After an excellent 2021, with turnover up 21.6%, the Italian capital goods industry is slowing down. Here are the figures from the Federmacchine Statistics Group, presented in July during the Members’ Meeting.

In 2021, the industry’s turnover stood at 50.4 billion euros, an increase of 21.6% over 2020, recovering the ground lost in 2019-2020 and even improving on the 2018 record. Exports-growing 18.1% to 32.9 billion euros-returned to pre-pandemic levels; domestic deliveries reached a value of 17.5 billion euros, a 28.6% increase over 2020. The protagonist of this unprecedented growth was domestic demand, which grew 29.7% to 27.2 billion euros, also benefiting imports (9.6 billion euros, up 31.7%). Italian companies in the sector have firmly manned the local market: the import/consumption figure remains at 35.5% while the export/turnover ratio fell two%age points, to 65.2%.

The 2022 forecast

According to forecasts, however, growth will stop in 2022 by stabilizing. Expectations are for turnover at +1.3%, exports at +2.1% with an export-to-turnover ratio at 65.7%, and domestic consumption at +2.4%. This will benefit both imports, which are expected to grow by 7.4%, and manufacturers’ deliveries, which are expected to remain stable (down 0.3%). The import/consumption ratio will grow to 37.2% thus remaining at traditional levels.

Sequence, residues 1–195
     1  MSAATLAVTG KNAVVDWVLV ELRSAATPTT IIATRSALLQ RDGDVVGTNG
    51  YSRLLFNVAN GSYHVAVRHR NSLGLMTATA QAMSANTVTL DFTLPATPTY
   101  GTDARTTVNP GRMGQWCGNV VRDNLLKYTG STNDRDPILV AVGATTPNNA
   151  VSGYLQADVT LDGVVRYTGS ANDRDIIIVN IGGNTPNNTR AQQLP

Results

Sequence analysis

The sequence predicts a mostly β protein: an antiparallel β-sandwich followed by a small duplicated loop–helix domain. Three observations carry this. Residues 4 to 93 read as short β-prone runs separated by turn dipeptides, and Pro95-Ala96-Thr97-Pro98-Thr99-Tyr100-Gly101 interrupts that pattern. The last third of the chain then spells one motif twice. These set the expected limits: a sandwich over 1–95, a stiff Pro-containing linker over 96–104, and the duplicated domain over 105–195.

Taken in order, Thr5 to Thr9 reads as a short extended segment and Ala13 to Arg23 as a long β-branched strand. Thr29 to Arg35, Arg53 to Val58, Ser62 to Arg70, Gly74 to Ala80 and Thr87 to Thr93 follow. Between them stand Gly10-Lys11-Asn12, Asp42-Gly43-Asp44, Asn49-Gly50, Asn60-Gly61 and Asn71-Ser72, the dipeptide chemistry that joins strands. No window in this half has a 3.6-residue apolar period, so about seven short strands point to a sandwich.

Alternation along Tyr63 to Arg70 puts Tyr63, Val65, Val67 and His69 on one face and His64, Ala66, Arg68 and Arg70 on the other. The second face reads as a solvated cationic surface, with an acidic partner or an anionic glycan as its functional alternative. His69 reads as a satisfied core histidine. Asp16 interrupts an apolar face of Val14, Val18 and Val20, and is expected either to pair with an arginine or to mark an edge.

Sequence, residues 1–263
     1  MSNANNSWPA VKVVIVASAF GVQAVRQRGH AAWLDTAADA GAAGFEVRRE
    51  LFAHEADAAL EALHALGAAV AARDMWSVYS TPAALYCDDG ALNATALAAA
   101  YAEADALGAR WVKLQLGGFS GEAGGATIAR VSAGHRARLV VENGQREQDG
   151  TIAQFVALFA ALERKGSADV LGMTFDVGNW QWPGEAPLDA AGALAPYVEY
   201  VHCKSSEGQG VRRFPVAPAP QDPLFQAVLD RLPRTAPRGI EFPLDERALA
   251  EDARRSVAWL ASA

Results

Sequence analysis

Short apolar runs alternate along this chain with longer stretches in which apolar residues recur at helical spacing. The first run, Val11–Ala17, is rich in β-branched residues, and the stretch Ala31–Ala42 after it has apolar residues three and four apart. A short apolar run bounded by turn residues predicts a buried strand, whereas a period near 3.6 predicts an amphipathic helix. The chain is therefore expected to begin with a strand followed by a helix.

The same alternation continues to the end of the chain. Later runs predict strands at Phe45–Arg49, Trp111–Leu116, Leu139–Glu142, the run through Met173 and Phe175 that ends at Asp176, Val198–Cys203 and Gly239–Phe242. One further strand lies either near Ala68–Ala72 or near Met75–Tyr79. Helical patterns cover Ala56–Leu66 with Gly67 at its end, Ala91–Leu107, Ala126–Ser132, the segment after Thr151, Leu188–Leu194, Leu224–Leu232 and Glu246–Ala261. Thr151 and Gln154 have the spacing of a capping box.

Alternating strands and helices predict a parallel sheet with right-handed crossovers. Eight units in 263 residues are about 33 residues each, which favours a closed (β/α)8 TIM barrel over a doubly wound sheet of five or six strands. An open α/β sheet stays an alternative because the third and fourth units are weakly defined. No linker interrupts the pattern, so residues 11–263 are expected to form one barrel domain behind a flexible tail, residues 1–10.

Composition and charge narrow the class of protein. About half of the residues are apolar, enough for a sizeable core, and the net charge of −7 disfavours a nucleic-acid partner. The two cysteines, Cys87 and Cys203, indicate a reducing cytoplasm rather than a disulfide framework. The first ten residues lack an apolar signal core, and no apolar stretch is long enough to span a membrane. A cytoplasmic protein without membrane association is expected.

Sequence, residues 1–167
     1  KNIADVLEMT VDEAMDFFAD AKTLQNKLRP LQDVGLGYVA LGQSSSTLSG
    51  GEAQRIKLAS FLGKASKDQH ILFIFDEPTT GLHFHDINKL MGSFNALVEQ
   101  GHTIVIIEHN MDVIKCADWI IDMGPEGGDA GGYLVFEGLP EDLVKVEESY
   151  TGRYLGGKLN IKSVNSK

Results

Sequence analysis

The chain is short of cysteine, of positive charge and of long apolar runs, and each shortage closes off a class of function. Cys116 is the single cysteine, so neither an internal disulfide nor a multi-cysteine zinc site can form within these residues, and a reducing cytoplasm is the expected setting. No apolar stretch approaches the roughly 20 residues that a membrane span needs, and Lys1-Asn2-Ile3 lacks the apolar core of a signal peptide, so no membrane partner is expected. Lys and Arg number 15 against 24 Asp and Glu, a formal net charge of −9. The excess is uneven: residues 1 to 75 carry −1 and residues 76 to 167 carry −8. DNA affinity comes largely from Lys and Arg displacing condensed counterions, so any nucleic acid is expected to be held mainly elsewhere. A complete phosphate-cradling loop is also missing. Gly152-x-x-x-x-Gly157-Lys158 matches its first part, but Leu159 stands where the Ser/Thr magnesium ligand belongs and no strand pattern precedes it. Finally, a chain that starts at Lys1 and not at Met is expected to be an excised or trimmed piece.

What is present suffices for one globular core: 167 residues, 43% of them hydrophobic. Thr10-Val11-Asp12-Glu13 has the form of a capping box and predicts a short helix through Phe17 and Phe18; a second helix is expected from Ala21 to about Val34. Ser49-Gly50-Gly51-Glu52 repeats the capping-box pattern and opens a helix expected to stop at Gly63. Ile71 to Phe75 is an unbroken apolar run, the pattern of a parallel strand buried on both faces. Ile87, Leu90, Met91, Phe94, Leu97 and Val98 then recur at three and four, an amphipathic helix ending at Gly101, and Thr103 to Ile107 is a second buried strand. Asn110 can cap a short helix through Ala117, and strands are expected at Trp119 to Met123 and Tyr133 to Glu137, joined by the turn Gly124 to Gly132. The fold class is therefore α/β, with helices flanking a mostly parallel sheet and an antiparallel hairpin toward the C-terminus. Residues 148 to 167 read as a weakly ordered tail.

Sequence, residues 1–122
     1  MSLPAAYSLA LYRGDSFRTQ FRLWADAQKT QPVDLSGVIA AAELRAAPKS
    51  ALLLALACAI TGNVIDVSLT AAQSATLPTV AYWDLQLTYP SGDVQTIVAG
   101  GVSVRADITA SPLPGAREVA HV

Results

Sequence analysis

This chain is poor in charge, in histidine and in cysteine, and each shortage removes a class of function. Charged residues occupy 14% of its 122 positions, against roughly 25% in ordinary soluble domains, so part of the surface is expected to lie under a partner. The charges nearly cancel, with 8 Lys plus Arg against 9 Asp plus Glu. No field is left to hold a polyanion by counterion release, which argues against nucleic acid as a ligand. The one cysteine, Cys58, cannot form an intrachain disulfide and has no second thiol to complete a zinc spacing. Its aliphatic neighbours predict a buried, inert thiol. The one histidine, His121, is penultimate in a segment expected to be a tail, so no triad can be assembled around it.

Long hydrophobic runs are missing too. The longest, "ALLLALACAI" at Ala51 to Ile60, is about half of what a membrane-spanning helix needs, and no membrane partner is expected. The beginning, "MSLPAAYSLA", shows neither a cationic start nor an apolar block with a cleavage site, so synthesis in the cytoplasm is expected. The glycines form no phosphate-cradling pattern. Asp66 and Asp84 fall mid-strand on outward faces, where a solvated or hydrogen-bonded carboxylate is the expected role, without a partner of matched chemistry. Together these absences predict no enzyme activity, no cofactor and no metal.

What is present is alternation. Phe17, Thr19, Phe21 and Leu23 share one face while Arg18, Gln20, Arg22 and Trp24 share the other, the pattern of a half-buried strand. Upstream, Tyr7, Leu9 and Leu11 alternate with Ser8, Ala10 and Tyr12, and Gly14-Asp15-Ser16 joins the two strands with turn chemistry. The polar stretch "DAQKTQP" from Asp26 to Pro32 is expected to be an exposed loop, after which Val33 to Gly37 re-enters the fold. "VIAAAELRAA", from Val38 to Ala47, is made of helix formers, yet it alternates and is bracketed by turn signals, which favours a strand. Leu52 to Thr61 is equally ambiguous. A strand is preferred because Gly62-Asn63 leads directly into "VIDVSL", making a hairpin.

Critical issues are well known: rising inflation, obstacles in supply chains, volatility in financial markets, further increases in commodity, energy and food prices. “Even the approaching parity between the euro and the dollar,” Lesce commented, “which is supposed to support EU countries’ exports to the U.S. is actually in danger of driving up commodity and energy prices even higher. “The cure? At Federmacchine they have no doubt: joint and coordinated action by Europe.

Exports for 2021 and in the first quarter of 2022.

28% of total industry exports went to the EU-area, which absorbs about 63% of Italian sales; followed by Asia (10%) and North America (10%), while non-EU Europe absorbed 8.9% of the total.

In 2021 main destination markets were: United States (4 billion euros, +21.4%); Germany (3.5 billion +14.8%); France (2.2 billion +15.8%); China (2 billion, +16.6%); Turkey (1.4 billion +34.6%).

In January-March 2022, Italian capital goods exports grew (+8.8%) compared to the same period in 2021, along the same routes. The only setback concerns non-EU countries and is mostly determined by the outbreak of the war between Russia and Ukraine: Russia (-18.3%), Ukraine (-55.3%), Belarus (-43%) but also Turkey (-9.3%) and the United Kingdom (-9.1%). In contrast, sales in Switzerland (+21.8%) were good.